The massive amounts of layoffs in the journalism industry in the last few years have left many newsroom positions vacant and many reporters and editors are charged with taking on more work than ever. Enter automated journalism.
Computer programs and artificial intelligence are taking over the tasks that were once the work of journalists and sometimes making an actual human obsolete. If this sounds like futuristic malarkey, consider the following examples of how automation is making the live reporter extinct.
The New York Times is one of a few media orgs who have taken advantage of semantic web technology to automate wedding announcements. Instead of a reporter writing each announcement by hand, readers can simply input information in an online form such as the bride and groom’s name, occupation, and more. The information is then used to create a wedding announcement, Mad Libs-style.
Sports writers should also hold on to their notebooks as new technology is in the works to produce sports stories based on various stats. If one team wins or loses, a computer can automatically generate a readable story, including what happened in the game and when based on input data. You can check out an example of how this works in this Business Week article and more information on automation in sports journalism here.
Financial news and analysis will also be impacted by automation and advanced technology. Programs like Infonic’s Sentiment software can analyze thousands of news stories and determine how a particular company is faring. The technology is pitched to financial traders, but is, in essence, the news affecting the news.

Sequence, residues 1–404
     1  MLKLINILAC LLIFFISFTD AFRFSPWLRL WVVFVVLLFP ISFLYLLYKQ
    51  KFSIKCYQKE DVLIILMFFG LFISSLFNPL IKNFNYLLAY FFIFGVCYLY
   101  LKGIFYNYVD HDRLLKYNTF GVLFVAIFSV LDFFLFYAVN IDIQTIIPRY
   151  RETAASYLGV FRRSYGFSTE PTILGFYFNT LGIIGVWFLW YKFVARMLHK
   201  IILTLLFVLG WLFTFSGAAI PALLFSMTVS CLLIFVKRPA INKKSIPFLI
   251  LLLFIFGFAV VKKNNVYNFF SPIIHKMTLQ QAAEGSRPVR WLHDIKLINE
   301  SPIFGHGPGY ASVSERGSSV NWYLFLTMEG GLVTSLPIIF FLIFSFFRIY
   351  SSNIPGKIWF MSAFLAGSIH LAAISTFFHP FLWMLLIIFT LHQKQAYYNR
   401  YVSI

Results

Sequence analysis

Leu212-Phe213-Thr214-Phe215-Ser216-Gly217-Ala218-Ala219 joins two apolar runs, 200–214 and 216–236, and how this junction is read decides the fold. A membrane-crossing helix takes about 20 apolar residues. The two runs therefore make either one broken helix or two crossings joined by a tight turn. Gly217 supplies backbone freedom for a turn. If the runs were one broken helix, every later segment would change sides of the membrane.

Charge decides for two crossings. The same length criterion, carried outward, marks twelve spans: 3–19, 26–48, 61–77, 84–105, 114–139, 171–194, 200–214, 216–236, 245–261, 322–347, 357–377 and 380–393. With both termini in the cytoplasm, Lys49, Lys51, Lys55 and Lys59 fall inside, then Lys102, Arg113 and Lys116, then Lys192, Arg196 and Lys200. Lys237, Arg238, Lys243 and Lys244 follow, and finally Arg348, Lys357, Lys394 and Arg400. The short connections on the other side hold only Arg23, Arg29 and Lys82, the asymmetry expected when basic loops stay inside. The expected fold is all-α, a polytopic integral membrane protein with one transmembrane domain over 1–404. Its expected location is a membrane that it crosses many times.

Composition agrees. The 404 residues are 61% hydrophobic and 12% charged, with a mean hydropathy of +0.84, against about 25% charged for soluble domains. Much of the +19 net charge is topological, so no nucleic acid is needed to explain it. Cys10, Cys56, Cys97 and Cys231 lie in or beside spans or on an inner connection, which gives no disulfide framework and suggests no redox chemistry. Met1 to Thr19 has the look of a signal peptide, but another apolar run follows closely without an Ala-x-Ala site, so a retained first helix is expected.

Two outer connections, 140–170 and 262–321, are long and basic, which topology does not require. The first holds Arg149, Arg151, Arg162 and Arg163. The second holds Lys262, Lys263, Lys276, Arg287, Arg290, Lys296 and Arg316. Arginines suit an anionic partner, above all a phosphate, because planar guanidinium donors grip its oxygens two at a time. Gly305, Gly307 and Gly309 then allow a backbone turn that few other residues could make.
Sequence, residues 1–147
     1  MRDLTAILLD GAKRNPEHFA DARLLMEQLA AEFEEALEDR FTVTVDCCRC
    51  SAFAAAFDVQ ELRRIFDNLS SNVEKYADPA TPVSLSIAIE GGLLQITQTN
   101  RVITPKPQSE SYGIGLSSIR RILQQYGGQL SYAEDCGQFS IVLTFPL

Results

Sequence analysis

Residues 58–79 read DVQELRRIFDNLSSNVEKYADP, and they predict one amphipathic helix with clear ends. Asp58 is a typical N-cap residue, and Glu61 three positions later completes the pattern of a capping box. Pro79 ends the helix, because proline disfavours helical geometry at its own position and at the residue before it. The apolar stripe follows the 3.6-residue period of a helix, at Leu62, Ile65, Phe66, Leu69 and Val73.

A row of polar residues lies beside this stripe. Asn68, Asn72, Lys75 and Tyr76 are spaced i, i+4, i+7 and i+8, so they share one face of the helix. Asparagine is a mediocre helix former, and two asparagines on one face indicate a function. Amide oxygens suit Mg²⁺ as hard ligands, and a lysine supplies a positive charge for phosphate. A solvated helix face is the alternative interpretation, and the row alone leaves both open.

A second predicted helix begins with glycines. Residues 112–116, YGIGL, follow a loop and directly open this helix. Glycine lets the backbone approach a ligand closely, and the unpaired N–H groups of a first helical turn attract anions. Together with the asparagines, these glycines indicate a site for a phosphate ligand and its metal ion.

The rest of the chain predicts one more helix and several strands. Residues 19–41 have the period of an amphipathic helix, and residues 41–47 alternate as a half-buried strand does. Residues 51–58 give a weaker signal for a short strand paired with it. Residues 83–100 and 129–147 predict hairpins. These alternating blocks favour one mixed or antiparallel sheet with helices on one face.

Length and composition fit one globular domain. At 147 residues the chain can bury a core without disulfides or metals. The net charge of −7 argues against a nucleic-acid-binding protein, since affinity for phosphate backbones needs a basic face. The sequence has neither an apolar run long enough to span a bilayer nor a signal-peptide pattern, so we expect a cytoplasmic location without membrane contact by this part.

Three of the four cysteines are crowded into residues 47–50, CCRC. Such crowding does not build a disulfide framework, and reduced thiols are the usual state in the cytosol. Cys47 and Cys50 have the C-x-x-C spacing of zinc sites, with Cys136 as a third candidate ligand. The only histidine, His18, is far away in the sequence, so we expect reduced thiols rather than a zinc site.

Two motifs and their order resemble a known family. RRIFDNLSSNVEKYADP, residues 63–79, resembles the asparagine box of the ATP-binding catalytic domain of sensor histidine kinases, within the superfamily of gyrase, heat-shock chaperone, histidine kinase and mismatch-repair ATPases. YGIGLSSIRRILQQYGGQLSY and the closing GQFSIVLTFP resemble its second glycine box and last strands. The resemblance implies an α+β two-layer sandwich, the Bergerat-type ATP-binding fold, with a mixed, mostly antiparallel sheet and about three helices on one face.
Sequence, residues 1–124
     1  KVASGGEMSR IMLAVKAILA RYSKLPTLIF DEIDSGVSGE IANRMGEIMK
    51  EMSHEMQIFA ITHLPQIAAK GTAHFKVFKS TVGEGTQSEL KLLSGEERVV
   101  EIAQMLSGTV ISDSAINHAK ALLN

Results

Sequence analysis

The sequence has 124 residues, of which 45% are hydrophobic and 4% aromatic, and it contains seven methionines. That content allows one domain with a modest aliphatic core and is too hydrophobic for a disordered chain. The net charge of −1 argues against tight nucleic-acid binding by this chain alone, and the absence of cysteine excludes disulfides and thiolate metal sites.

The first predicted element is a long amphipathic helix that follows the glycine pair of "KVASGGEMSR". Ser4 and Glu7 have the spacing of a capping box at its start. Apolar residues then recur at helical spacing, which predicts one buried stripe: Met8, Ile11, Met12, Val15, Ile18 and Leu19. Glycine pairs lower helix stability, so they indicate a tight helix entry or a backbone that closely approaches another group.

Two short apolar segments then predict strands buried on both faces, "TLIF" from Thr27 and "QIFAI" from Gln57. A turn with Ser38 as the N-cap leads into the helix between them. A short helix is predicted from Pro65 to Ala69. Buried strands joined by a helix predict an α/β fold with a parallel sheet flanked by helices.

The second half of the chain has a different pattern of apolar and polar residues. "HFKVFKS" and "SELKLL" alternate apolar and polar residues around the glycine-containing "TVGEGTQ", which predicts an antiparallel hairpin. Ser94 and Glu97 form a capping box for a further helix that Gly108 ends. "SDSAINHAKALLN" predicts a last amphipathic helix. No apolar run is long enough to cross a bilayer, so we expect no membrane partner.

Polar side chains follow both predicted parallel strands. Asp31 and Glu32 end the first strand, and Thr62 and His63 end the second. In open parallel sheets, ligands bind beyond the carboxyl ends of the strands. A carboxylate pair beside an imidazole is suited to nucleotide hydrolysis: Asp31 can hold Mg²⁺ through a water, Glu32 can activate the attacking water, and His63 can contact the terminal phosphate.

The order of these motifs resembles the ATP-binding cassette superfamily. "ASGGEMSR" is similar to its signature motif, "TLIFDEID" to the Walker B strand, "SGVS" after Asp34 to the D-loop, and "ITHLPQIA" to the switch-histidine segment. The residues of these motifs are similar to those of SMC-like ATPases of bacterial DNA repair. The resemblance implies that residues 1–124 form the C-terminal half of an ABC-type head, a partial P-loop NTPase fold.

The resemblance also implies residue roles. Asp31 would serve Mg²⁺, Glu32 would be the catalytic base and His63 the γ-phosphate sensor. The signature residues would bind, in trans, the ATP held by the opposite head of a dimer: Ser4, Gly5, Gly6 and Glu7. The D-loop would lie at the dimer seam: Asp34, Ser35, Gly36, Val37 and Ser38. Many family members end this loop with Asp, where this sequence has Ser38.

A number of academics have proposed the idea of using algorithms to determine the layout of a newspaper or print publication, an idea encapsulated by this post by Steve Yelvington. Instead of a news designer laying out the paper or magazine, a computer examines the content of available stories and lays them out according to factors like length and keywords. The idea hasn’t caught on just yet as human-powered news judgment is still the preferred method of design. However, the idea of automated layouts isn’t so farfetched.
It’s not just the print journalists who are becoming obsolete. This Variety.com article examines Tribune Company’s experiment with anchor-free television. Instead of news anchors, voiceovers are heard as video clips and images are played. In the experimental model, there would be no anchor desk and no on-air correspondents. (The article is worth a read, if only for this quote: “We’re trying to get away from Barbie and Ken sitting behind a desk chit-chatting with each other with their nice teeth.”)
If you still like to see and hear people delivering the news, check out News at Seven’s news reports delivered by animated characters. The voices of the characters are also computer-generated:
While the traditional reporter isn’t going anywhere just yet, automation will continue to find its way into journalism. Is this a good or bad thing? On one hand it frees up journalists to do less menial tasks and focus on “big J” journalism. On the other hand, it makes news reporting less human and gives up lots of control to computers. What do you think?
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